My husband grabbed my iPhone out of my hand last night without warning. He wanted to make sure that I didn’t manage to get a picture of him in his Tommy Hilfiger blue-checked dress shirt, bicycle shorts, argyle socks, and clippie shoes. Believe me, I tried, but he rode away too quickly for my phone to power back up, the bastard. The grabbing…was NOT COOL WITH ME. A mild wrestling match/fistfight ensued. If it had persisted, I might have bitten off some of his fingers to get it back. Now you know why we call it “The Precious” in our house. As I sit here at my computer, The Precious is right next to me, in case I need to touch it for reassurance.
“A most specially greedy, strong and wicked worm.” (Tolkien, The Hobbit)
It’s sort of unhealthy, I know. I did an experiment this morning, and left it plugged into the charger, Smaug, in the kitchen. ALL MORNING. That does not mean I didn’t look at anything, I just had to be in the kitchen to do it. I found out that I get a lot more done around here when my phone isn’t in my face. I also found out that there is a tiny buzzing anxiety when it’s not in my pocket, or my hand, or otherwise right next to me. It made me think about what other transformations might be happening that I don’t realize are happening. Am I going to be biting the bellies out of live fish next?
Taking inventory, I realized my circle of experience is now limited to things that show up on my phone. Clearly, a dramatic change from when I used to get input from the TV and other valuable sources. If I don’t have an app for it, it effectively does not exist. Since I have very few apps, this means I am current with what’s happening on FaceBook, Twitter, WordPress, Audible and Heiny the Weasel’s Dirty Verse Pile. Otherwise…I find out about major news when it blows up on Twitter, which is pretty surreal and weird. Honestly, I don’t have time to care right now. Maybe in a couple of years. In the meantime, if something really big happens, would you mind posting in on your Facebook timeline for me? That would really help at all the cocktail parties and diplomatic events I go to.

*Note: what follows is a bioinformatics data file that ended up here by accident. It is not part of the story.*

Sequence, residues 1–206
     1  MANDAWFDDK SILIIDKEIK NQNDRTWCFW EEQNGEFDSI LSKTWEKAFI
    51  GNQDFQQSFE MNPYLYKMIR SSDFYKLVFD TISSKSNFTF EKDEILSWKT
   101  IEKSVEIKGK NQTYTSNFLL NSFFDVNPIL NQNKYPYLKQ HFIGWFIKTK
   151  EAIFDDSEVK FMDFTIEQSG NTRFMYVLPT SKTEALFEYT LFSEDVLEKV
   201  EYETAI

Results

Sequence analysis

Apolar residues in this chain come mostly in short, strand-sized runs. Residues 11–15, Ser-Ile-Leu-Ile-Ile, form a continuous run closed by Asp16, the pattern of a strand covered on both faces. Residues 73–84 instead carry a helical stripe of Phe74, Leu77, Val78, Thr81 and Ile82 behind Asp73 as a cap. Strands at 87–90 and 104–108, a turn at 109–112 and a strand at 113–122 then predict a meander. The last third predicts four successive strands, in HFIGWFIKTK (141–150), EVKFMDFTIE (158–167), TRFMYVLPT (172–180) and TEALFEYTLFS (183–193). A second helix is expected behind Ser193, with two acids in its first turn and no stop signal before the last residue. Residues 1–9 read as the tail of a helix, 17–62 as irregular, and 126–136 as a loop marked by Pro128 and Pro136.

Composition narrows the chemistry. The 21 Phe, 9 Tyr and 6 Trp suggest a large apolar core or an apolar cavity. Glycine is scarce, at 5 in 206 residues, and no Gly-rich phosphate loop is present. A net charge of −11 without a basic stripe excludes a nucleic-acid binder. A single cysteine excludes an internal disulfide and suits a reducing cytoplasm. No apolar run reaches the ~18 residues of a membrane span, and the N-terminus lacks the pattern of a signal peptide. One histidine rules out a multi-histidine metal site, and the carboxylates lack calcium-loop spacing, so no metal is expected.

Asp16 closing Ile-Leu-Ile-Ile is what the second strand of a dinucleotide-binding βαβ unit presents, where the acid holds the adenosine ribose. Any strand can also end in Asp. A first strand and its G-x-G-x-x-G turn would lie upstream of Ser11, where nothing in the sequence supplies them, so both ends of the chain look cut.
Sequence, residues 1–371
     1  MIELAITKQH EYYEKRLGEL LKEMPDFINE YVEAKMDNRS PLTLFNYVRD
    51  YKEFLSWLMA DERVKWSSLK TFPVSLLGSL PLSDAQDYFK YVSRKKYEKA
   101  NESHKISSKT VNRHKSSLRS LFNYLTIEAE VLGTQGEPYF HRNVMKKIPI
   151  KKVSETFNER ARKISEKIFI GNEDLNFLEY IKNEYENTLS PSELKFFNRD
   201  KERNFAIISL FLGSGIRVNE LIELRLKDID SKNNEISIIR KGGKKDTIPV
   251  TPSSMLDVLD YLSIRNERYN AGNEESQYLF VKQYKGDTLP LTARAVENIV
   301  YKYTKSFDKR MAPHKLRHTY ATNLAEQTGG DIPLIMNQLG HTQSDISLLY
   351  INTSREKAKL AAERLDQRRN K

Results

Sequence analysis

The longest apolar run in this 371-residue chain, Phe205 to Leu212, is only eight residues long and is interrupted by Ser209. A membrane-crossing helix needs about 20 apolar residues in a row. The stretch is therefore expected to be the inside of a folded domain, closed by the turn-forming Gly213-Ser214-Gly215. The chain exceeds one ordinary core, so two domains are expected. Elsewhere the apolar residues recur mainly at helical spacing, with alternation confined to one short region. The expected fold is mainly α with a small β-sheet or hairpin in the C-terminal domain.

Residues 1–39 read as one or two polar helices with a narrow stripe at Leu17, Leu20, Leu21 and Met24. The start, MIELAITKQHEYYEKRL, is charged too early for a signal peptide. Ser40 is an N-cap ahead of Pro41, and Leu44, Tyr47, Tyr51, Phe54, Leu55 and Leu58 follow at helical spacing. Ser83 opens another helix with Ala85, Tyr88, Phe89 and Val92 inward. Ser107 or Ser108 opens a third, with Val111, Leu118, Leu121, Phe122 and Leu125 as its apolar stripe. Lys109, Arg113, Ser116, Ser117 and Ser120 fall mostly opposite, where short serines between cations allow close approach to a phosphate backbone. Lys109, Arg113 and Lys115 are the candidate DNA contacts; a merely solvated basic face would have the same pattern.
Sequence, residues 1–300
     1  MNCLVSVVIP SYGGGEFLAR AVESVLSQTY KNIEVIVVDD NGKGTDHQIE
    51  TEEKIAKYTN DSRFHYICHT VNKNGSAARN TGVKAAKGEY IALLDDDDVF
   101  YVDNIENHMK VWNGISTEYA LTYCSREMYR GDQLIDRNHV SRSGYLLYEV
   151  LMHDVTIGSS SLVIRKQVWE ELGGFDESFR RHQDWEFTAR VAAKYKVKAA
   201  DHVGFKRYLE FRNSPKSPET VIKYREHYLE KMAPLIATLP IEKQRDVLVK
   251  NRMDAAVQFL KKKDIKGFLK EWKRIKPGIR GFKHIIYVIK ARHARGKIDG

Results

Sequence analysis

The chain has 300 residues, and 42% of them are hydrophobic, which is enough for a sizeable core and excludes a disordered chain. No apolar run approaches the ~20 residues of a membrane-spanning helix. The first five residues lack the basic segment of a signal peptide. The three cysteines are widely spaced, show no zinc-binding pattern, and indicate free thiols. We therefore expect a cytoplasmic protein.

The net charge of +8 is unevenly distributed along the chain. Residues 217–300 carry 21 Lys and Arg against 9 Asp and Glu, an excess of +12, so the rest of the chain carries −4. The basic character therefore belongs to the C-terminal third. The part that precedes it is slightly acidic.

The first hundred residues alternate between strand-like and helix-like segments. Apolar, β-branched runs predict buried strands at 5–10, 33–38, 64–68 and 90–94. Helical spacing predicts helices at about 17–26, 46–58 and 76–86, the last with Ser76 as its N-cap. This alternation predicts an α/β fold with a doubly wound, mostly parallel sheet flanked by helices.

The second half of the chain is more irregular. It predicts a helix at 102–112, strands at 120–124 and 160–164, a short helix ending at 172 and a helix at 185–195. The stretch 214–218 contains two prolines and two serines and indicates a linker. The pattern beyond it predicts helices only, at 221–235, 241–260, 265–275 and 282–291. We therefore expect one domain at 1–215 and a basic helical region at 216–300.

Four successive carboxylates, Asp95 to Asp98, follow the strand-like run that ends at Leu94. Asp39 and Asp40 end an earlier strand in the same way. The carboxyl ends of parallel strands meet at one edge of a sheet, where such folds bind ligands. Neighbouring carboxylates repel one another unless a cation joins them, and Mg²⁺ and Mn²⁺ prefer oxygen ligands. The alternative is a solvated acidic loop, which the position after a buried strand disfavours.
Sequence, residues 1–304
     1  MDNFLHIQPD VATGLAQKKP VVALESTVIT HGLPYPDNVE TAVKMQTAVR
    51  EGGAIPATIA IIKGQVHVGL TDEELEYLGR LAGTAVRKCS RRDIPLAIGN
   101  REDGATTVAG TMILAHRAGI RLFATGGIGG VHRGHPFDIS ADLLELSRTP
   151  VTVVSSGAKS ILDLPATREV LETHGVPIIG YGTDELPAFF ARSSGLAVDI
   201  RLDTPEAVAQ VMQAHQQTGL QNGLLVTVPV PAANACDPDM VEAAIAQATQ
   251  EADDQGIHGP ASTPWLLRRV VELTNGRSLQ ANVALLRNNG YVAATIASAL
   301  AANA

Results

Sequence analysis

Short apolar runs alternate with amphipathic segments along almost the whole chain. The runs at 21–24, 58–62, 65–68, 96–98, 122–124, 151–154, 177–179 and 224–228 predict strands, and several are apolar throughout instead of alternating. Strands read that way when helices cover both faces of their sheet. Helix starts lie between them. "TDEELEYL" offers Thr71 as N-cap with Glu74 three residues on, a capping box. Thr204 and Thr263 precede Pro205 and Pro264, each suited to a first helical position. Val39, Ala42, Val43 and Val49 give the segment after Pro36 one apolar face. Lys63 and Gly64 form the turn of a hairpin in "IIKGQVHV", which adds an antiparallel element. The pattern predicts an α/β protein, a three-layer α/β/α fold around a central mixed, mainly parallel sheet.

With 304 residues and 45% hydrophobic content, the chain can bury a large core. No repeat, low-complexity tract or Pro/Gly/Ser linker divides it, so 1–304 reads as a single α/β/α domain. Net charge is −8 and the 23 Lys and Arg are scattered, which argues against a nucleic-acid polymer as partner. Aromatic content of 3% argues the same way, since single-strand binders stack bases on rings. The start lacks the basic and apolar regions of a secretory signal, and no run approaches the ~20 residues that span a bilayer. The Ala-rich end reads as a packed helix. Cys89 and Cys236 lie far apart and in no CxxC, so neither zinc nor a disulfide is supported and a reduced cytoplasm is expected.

Catching up on my reading. It’s so important to stay in touch with the finer works of the English language.
I am conditioning my children to despise handheld technology. My children are not part of the clamoring horde of toddlers chanting, “iPad! Me want iPad!” They give me dirty looks when the phone comes out. They come up with all kinds of fun things we could do together instead. “Mommy! Can you come and watch me wash the windows?” The baby actually came up with this at about eighteen months: “Mommy, all done phone.” They are small Luddites for the moment. I know that they will eventually have texting calluses of their own, but maybe they will first learn how to interact with the outside world. “Remember, we don’t want to end up like Mom.”
I really love playing with the kids! Little…ummmm…little guy! Hey!
Physically, this obsession with my little friend is not a great thing. My neck hurts. My thumb hurts, and the LOLs are turning into OWs. I am a few apps away from hunching over and galumphing along on all fours like Gollum. This is why I do not have any games on my phone. My repetitive motion mess is bad enough from obsessively checking Facebook, let alone adding a game where the point is to mindlessly touch the screen over and over again.
This is a normal hand-shaped hand, right?
I spend so much time doing everything on my phone, that I am forgetting how to use a real computer. I sat for a few minutes the other day wondering how to work on two things at the same time…on the computer. In the wayback (read: five years ago), I used to run two monitors. I finally remembered that you can have more than one thing open on a real, big-boy computer. I have also actually TOUCHED MY LAPTOP SCREEN and expected something to happen besides a dusty fingertip. I could argue that this was because my desktop IS a touchscreen, but I never remember to use that feature on it. Never.
I am creating a hard-wired connection in my brain that says, “Are you close to experiencing one moment of boredom or reflection? QUICK, grab your phone!” This is accompanied by an autonomic reflexive action of my hand, reaching for the phone. If the phone is not in the expected pocket, the hand frisks me until it finds it. The fun of self-frisking aside, this is a little bit too much like a certain amphibious object of pathos. Is my fate to be intertwined with the iPhone? Will I give my life to keep it within my grasp? I don’t know, and I am nearly beyond caring…as long as I have The Preciiiiooouuuusssss…the one Phone to rule them all.
Maybe I should get out and enjoy nature.